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Ebook growth slows

25 November 2013

This week has yielded some rather unexpected figures from both sides of the Atlantic relating to ebook sales. In the States it looks as if ebook sales are in decline, whereas in the UK there's also a tempering in projections of ebook growth.

The consensus is still that digital has turned publishing upside down, but there is more confidence and a calmer and more business-like feeling in publishing about the changes it has wrought.

The latest Nielsen Understanding the Consumer Ebook Report suggests that in the UK ebook sales are continuing to slow and their increases in market share are largely a reflection of the decline in print book sales.

The Bookseller's recent Digital Census 2013, a prelude to their Futurebook conference last week, has some useful indications of how things are going with ebooks in the UK. Publishers' sales of ebooks have now hit double digits and currently account for more than 10% of their total revenues. More than half of publishers responding to the census say that ebook sales account for more than 10% of their total revenue and just over a third say they account for more than 20%. Ebook prices are stabilising around £3.20.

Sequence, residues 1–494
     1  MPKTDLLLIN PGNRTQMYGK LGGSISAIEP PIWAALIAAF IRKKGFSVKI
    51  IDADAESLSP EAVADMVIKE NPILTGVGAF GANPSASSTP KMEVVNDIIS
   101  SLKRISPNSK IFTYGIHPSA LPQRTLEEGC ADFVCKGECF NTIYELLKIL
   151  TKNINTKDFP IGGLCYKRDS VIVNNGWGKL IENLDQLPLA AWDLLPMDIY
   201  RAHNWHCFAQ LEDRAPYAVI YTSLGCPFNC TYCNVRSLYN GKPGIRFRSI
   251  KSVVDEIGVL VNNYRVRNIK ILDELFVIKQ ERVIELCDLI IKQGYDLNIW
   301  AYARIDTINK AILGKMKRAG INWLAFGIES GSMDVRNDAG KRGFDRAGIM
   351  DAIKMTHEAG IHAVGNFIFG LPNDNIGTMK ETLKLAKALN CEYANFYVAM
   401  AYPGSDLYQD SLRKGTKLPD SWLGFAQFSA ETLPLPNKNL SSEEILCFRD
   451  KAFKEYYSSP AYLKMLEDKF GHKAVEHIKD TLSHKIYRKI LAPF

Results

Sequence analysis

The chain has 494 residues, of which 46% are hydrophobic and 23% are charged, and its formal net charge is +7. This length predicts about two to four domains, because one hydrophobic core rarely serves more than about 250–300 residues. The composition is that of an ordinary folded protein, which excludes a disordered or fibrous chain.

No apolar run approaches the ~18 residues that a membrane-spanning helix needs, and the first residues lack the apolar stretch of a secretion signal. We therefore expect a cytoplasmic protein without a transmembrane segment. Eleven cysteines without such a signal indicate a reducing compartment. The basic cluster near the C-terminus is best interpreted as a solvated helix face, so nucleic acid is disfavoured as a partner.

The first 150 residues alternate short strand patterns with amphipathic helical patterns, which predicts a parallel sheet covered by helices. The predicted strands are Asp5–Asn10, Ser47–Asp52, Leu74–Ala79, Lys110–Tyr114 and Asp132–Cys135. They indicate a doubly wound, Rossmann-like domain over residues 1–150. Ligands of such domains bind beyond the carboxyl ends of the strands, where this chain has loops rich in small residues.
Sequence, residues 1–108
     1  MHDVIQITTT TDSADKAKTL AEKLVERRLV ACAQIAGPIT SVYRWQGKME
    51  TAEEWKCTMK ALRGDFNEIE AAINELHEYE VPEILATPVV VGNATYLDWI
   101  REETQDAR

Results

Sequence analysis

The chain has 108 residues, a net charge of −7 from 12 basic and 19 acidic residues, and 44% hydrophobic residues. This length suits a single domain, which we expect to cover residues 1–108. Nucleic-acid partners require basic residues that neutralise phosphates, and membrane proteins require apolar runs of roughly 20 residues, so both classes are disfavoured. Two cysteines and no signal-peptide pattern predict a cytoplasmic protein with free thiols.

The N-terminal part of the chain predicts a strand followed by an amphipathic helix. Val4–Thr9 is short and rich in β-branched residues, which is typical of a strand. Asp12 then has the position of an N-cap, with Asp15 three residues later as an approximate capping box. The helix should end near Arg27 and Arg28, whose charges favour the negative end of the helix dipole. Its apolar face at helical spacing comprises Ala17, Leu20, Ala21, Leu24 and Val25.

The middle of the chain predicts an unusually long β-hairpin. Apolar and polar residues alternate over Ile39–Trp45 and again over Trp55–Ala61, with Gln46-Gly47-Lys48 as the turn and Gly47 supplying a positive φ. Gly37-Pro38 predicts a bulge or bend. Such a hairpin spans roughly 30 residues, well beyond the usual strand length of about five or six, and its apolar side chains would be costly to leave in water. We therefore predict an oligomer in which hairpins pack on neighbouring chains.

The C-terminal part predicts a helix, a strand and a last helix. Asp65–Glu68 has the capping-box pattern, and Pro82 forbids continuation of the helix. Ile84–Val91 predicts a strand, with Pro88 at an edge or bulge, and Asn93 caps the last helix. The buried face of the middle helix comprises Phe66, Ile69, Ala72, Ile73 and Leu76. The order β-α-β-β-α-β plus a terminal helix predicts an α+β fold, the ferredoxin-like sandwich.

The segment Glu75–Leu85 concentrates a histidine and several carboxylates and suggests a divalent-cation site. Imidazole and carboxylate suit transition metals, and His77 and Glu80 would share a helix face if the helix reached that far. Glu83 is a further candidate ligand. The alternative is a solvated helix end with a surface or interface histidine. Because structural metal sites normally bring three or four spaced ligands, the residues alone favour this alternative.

In the US ebook sales seem in the most recent months to be in decline - adult ebook sales have declined for four months in a row. This may be partly because two big bestsellers, Hunger Games and Fifty Shades of Grey, had disproportionately large sales in ebook form. Now their sales have declined from the peak, so there is a more normal relationship between ebook and print book sales.

These figures do suggest that the jury is still out on what proportion of book sales will be in ebook form in, say, five or even ten years. It's still possible to remember that not long ago, forecasters looking at the book trade announced that print books were moribund and that within five years everyone wold have converted to reading ebooks only. That no longer seems to be particularly likely.